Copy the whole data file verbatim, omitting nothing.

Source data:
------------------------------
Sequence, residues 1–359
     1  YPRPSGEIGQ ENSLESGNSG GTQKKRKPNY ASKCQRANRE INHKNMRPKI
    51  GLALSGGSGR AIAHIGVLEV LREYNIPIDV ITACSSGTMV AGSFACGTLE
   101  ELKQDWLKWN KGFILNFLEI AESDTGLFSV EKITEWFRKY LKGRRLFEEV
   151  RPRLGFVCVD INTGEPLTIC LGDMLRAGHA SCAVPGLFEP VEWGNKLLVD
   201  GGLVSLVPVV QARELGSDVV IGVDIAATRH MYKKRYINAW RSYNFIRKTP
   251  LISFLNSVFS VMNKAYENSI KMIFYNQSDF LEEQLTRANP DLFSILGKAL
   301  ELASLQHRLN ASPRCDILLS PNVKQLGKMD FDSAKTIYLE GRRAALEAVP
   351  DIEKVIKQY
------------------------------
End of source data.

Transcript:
Sequence, residues 1–359
     1  YPRPSGEIGQ ENSLESGNSG GTQKKRKPNY ASKCQRANRE INHKNMRPKI
    51  GLALSGGSGR AIAHIGVLEV LREYNIPIDV ITACSSGTMV AGSFACGTLE
   101  ELKQDWLKWN KGFILNFLEI AESDTGLFSV EKITEWFRKY LKGRRLFEEV
   151  RPRLGFVCVD INTGEPLTIC LGDMLRAGHA SCAVPGLFEP VEWGNKLLVD
   201  GGLVSLVPVV QARELGSDVV IGVDIAATRH MYKKRYINAW RSYNFIRKTP
   251  LISFLNSVFS VMNKAYENSI KMIFYNQSDF LEEQLTRANP DLFSILGKAL
   301  ELASLQHRLN ASPRCDILLS PNVKQLGKMD FDSAKTIYLE GRRAALEAVP
   351  DIEKVIKQY